are you as a manager?”. 73% said that they were “extremely or somewhat inspiring”.
But employees had a different view:
“Only 41% of those surveyed agree their bosses are inspiring. Nearly 6 out of 10 of
their bosses, they said, were either not inspiring or, worse, could be demotivating”.
People with Purpose, page 75.
Kevin Murray is unequivocal about the implications. He told us.
“My view is that the Inspiration Gap is one the major causes of the productivity challenge we face,”
Human beings need a Purpose
People with Purpose is – at one level – a study of the Inspiration Gap. But the book’s title points to the importance of Business Purpose as a means of bridging this gap. So how does having a clear Business Purpose help leaders to be more inspiring?
This turns out to be a key question. According to expert neuroscientists, when we work with a sense of common Purpose, our brain chemistry changes for the better, and we feel more motivated and more able to rise to difficult challenges.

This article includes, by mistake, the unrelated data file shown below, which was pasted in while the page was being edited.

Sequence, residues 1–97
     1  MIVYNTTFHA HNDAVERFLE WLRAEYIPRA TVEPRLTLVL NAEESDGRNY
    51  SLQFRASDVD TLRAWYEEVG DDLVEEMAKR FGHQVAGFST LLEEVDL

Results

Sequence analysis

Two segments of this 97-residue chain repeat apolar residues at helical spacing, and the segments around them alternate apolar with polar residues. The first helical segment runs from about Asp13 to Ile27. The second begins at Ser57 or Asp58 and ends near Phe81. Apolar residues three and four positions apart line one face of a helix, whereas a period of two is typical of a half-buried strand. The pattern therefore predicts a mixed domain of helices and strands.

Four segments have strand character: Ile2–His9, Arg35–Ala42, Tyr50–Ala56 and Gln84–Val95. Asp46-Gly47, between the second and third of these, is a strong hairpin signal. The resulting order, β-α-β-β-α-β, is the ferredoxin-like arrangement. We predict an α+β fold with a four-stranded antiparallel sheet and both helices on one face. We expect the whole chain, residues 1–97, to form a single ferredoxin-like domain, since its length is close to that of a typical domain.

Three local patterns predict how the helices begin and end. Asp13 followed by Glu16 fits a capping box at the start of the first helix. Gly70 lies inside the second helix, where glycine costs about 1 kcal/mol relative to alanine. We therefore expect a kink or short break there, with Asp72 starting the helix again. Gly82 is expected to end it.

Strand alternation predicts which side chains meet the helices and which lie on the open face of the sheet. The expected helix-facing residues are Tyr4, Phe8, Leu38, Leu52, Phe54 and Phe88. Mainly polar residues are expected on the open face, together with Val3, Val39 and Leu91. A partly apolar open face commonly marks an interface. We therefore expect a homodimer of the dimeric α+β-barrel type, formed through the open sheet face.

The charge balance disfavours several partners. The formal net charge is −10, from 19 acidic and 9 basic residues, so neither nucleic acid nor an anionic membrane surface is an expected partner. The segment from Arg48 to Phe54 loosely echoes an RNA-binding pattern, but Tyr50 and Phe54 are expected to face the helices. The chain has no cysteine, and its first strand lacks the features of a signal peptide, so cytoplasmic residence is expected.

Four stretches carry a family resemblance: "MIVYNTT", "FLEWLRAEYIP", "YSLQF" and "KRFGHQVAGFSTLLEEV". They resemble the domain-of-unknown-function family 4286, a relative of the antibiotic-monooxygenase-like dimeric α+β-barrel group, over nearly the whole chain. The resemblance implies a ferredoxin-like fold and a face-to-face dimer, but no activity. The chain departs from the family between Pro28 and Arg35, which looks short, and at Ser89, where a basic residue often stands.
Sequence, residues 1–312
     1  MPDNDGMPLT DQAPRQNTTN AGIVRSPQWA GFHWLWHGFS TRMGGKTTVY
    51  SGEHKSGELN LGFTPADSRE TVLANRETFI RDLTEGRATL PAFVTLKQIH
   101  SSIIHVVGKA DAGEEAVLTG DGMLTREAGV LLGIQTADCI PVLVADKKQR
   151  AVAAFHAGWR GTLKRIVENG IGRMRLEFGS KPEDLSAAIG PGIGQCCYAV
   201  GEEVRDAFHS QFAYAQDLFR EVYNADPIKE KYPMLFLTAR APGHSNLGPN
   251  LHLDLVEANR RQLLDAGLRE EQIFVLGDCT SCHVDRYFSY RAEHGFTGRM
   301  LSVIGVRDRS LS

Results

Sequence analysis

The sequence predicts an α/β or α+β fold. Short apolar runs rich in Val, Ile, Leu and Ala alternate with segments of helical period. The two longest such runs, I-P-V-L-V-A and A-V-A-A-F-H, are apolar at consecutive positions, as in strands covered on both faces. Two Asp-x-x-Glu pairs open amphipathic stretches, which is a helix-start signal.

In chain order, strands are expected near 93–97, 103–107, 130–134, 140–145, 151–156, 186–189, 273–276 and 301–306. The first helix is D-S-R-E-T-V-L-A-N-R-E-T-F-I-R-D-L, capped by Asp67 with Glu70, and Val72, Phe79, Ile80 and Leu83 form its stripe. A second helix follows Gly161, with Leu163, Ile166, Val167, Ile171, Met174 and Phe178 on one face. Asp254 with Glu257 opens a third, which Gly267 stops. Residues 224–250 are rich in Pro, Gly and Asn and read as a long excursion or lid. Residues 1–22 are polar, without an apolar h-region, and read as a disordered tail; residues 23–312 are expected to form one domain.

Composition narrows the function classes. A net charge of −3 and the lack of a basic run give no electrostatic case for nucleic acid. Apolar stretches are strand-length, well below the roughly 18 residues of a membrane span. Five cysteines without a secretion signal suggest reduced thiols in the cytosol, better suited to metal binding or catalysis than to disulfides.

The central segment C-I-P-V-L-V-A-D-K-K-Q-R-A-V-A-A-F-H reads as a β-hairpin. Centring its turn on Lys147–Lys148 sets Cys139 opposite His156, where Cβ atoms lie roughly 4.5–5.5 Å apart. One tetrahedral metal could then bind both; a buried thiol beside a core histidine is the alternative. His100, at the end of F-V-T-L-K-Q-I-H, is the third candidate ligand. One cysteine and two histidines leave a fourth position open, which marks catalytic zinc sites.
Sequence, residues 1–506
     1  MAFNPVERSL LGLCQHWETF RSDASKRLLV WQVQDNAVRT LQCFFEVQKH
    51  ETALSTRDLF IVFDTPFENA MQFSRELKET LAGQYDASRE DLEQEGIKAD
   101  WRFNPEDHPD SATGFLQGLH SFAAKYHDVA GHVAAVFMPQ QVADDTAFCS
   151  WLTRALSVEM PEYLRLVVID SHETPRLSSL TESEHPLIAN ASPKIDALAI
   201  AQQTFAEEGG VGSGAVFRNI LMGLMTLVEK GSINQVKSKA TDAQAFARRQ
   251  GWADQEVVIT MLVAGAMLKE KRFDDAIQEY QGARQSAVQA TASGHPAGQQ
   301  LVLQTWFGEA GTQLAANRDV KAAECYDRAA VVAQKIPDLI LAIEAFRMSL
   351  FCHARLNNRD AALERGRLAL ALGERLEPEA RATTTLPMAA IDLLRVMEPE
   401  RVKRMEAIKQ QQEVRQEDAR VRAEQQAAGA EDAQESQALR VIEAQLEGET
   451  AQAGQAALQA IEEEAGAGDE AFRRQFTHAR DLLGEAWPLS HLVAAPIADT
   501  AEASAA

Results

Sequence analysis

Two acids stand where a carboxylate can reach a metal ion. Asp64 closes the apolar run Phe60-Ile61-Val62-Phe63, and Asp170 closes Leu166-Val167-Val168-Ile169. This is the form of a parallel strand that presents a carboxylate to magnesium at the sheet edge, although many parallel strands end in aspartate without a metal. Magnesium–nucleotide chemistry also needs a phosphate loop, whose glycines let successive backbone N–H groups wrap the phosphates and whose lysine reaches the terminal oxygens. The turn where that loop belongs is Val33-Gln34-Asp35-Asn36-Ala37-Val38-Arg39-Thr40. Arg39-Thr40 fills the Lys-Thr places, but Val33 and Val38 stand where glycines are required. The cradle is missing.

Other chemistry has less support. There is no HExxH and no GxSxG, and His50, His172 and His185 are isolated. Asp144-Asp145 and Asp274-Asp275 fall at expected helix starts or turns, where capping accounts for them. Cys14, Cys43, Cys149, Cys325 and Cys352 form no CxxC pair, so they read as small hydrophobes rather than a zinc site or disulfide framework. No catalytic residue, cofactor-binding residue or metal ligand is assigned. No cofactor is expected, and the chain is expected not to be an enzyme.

At the heart of this, in psychological terms, is a feeling of worth. Dr. Duncan Banks, a lifetime honorary member of the British Neuroscience Association, sums up:
“Leaders need to think about whether they make their employees feel worthless or
Do they make their employees feel a sense of common Purpose, and part of a community? Do leaders communicate in the right way, involving people and listening to them, as well as persuading and encouraging them?
“The positive side effect will always be an increase in performance, because people who feel worthy are more likely to give of their discretionary effort when called
upon to work harder.”
” I don’t really believe in the idea that we are one person. As Walt Whitman memorably said. I am large, I contain multitudes.”
People with Purpose, page 13.
Kevin sees this challenge through the lens of leadership communications. He told us: